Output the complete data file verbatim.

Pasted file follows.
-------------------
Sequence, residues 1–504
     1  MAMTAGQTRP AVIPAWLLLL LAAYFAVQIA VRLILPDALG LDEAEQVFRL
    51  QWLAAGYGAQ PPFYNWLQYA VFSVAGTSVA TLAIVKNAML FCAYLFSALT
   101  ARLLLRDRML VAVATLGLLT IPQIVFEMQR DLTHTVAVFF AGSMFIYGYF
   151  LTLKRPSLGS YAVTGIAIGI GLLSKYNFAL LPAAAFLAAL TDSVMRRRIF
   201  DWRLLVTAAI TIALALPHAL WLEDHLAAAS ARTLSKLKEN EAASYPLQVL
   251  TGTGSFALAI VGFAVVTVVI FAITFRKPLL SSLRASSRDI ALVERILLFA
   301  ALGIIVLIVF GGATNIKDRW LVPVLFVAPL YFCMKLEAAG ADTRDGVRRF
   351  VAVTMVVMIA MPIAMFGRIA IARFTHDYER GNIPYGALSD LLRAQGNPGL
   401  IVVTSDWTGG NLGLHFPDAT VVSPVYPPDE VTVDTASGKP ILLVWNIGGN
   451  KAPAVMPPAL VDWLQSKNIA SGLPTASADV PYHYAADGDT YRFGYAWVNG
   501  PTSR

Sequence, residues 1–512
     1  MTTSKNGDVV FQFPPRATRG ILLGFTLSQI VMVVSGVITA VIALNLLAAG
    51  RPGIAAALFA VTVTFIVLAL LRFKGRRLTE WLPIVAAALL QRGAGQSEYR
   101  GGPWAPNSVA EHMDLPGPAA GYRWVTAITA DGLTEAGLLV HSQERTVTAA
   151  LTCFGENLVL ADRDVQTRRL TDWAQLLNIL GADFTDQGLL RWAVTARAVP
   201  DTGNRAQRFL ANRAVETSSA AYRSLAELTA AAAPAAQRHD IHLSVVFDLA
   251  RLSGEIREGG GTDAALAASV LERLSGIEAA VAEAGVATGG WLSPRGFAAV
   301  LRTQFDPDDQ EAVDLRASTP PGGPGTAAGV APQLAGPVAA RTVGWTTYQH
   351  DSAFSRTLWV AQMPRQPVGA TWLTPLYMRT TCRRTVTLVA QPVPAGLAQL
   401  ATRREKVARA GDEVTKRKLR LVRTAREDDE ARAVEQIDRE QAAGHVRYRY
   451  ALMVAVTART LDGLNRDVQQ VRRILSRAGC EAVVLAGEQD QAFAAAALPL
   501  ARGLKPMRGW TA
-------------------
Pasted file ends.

Sequence, residues 1–504
     1  MAMTAGQTRP AVIPAWLLLL LAAYFAVQIA VRLILPDALG LDEAEQVFRL
    51  QWLAAGYGAQ PPFYNWLQYA VFSVAGTSVA TLAIVKNAML FCAYLFSALT
   101  ARLLLRDRML VAVATLGLLT IPQIVFEMQR DLTHTVAVFF AGSMFIYGYF
   151  LTLKRPSLGS YAVTGIAIGI GLLSKYNFAL LPAAAFLAAL TDSVMRRRIF
   201  DWRLLVTAAI TIALALPHAL WLEDHLAAAS ARTLSKLKEN EAASYPLQVL
   251  TGTGSFALAI VGFAVVTVVI FAITFRKPLL SSLRASSRDI ALVERILLFA
   301  ALGIIVLIVF GGATNIKDRW LVPVLFVAPL YFCMKLEAAG ADTRDGVRRF
   351  VAVTMVVMIA MPIAMFGRIA IARFTHDYER GNIPYGALSD LLRAQGNPGL
   401  IVVTSDWTGG NLGLHFPDAT VVSPVYPPDE VTVDTASGKP ILLVWNIGGN
   451  KAPAVMPPAL VDWLQSKNIA SGLPTASADV PYHYAADGDT YRFGYAWVNG
   501  PTSR

Sequence, residues 1–512
     1  MTTSKNGDVV FQFPPRATRG ILLGFTLSQI VMVVSGVITA VIALNLLAAG
    51  RPGIAAALFA VTVTFIVLAL LRFKGRRLTE WLPIVAAALL QRGAGQSEYR
   101  GGPWAPNSVA EHMDLPGPAA GYRWVTAITA DGLTEAGLLV HSQERTVTAA
   151  LTCFGENLVL ADRDVQTRRL TDWAQLLNIL GADFTDQGLL RWAVTARAVP
   201  DTGNRAQRFL ANRAVETSSA AYRSLAELTA AAAPAAQRHD IHLSVVFDLA
   251  RLSGEIREGG GTDAALAASV LERLSGIEAA VAEAGVATGG WLSPRGFAAV
   301  LRTQFDPDDQ EAVDLRASTP PGGPGTAAGV APQLAGPVAA RTVGWTTYQH
   351  DSAFSRTLWV AQMPRQPVGA TWLTPLYMRT TCRRTVTLVA QPVPAGLAQL
   401  ATRREKVARA GDEVTKRKLR LVRTAREDDE ARAVEQIDRE QAAGHVRYRY
   451  ALMVAVTART LDGLNRDVQQ VRRILSRAGC EAVVLAGEQD QAFAAAALPL
   501  ARGLKPMRGW TA